In essence, it's a fog machine in a spray can. Just spray some "atmosphere" into your scene, waft it around to make sure it's evenly dispersed, and voila, you've got dramatic shafts of light and that lovely aesthetic that can only be produced by haze. While cheap fog machines start at roughly $50 and the hazers that are used on professional sets start in the neighborhood of $500, a can of Atmosphere Aerosol comes in at $12, which makes it one of the most cost-effective ways to add that look to your shots.
Here's a quick intro video that shows how Atmosphere Aerosol can spice up a wedding shoot:
Here's a video showing how long a single can lasts, including how long the atmosphere sticks around in your scene:
Last, but certainly not least, here's a great Film Riot episode that should give you some great ideas for how to incorporate fog into your lighting plans:
When I first came across this product the other day, my first reaction was, "There's no way that this could be safe to breathe." Here's what the FAQ on Atmosphere's site says about the ingredients and whether they're safe.
- It is ozone safe and does not contain any CFC's or ozone depleting chemicals.
- The ingredients are propane (45%), butane (45%), and mineral oil (10%). Propane and butane are used as non-toxic propellants. Propane is a safe and environmentally friendly fuel, as well as non-toxic, colorless, and odorless. It is a great source of clean fuel and it’s used by millions of Americans each day. Hair spray cans, aerosol shaving cream cans, and other pressurized canned products such as PAM cooking spray use propane and butane as a propellant. When Atmosphere Aerosol is sprayed, a small, non-harmful amount of gas propels the spray and quickly dissipates, leaving the mineral oil in the air.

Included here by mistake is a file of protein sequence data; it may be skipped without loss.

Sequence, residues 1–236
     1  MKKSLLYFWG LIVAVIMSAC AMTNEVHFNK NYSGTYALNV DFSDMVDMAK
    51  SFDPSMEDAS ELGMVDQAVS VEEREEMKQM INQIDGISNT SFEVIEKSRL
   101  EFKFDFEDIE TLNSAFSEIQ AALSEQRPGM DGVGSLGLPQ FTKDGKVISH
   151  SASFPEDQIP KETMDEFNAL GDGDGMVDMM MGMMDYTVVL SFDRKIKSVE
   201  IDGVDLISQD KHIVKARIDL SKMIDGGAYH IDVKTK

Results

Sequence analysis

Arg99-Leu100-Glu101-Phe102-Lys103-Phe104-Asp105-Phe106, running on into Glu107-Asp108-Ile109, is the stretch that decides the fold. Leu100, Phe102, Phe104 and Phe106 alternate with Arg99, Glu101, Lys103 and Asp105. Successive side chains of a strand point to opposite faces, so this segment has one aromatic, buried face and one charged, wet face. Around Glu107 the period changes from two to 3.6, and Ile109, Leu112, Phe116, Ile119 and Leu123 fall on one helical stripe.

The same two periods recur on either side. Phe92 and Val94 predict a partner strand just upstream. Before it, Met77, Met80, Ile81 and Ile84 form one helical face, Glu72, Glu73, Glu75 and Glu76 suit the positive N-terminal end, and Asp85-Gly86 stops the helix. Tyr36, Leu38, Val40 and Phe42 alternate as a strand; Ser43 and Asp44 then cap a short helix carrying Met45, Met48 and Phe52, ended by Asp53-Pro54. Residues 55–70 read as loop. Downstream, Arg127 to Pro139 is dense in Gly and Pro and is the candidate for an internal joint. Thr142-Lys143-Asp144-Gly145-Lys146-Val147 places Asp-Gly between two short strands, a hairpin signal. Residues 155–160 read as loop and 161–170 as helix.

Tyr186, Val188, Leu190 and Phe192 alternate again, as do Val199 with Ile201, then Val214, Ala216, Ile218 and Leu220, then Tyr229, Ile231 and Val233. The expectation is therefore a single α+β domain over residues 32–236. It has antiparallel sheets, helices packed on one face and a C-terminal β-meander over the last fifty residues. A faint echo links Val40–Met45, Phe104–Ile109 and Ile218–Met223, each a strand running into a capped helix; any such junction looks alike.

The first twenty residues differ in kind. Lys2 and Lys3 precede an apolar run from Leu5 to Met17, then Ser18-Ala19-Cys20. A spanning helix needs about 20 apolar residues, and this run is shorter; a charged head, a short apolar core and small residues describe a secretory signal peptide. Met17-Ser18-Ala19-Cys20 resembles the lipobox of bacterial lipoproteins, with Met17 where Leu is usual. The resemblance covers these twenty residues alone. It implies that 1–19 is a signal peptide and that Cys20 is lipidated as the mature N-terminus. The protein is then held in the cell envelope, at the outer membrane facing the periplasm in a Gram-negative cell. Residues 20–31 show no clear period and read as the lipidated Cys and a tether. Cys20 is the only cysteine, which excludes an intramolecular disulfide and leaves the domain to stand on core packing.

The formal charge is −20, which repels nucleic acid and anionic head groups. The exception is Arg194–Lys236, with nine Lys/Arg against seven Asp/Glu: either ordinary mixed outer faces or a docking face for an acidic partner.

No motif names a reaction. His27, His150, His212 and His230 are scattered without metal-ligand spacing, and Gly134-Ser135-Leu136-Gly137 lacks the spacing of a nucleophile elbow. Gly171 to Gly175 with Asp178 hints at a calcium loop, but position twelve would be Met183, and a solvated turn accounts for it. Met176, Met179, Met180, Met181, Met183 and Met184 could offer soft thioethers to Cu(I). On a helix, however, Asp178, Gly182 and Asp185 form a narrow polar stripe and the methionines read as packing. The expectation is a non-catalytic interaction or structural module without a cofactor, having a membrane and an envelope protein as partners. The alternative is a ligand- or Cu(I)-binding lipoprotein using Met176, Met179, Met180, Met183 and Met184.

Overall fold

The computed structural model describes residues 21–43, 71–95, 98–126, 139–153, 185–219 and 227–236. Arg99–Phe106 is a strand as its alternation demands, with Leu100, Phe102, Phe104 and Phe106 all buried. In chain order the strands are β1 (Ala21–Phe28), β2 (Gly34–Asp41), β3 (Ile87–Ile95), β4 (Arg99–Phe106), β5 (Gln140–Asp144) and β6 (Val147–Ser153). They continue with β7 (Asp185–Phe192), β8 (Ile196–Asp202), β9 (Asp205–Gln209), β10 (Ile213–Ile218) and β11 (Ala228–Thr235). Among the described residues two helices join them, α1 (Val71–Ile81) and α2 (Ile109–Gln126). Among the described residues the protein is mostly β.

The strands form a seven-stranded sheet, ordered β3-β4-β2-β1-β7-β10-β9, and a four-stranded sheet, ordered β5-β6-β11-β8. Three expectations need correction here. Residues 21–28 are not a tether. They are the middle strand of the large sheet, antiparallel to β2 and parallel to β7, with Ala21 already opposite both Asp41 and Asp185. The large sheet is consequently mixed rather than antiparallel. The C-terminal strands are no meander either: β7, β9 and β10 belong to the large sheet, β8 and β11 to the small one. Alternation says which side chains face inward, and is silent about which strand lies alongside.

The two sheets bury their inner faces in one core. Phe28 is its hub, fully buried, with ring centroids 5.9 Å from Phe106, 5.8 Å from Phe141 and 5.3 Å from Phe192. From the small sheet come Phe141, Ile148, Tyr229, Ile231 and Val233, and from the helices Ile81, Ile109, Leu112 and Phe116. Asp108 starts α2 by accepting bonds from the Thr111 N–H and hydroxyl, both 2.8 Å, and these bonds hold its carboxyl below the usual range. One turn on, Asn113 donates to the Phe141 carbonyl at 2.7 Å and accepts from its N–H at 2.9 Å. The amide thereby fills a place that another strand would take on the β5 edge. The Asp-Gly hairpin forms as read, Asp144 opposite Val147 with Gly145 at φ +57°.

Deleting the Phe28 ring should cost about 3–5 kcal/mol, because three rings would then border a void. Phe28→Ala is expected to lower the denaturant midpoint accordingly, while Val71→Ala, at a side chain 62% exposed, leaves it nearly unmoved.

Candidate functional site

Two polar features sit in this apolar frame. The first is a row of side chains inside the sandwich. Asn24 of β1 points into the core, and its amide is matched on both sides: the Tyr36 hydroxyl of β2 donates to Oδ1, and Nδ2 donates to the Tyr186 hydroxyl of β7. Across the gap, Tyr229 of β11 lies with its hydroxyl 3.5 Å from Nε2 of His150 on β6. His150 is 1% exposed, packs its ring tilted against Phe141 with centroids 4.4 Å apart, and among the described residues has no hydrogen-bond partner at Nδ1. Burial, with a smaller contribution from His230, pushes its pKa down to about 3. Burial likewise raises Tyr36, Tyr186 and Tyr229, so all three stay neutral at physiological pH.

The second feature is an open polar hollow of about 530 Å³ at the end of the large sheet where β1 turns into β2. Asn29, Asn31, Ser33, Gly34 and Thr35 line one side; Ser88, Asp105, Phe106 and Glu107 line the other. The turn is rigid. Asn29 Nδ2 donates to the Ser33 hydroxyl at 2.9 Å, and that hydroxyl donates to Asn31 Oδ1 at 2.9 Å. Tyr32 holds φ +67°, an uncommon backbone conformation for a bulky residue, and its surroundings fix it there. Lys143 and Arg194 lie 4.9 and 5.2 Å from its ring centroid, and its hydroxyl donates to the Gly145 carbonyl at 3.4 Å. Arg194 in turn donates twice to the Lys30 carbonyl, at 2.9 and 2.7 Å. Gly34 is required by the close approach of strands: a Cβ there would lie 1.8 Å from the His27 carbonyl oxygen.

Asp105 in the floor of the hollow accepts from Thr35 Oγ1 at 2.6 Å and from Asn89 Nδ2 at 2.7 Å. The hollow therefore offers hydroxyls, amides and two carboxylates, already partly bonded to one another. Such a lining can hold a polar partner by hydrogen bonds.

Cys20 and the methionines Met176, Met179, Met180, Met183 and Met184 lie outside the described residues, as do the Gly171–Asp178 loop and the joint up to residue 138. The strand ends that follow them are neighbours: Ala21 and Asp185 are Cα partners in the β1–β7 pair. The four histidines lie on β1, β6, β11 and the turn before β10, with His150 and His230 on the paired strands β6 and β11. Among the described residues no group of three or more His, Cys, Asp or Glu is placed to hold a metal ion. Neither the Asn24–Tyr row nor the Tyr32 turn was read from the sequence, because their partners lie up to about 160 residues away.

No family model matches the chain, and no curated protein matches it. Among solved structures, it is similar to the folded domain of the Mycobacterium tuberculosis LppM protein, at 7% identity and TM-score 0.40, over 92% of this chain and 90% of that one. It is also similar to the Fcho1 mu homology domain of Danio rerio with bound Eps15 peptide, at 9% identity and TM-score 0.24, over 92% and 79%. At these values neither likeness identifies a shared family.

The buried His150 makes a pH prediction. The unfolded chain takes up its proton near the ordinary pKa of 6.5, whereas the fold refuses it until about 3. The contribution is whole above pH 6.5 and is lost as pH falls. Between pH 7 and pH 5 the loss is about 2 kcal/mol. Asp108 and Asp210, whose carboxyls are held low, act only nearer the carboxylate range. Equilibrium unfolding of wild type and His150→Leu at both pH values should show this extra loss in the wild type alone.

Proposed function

- This product is not known to contain any chemicals currently listed as carcinogens or reproductive toxins.
- This product’s ingredients are not found in the following lists: Federal, OSHA, NTP, IARC.
- Breathing small amounts of this material during normal handling is not likely to cause harmful effects.
All in all, Atmosphere Aerosol strikes me as a good way to get started with using haze and fog in your cinematography, and as a neat portable option for when you're shooting on location and don't want to lug a fog machine along with you. If you're interested in grabbing a can, head over to the Atmosphere Aerosol website.
Source: Atmosphere Aerosol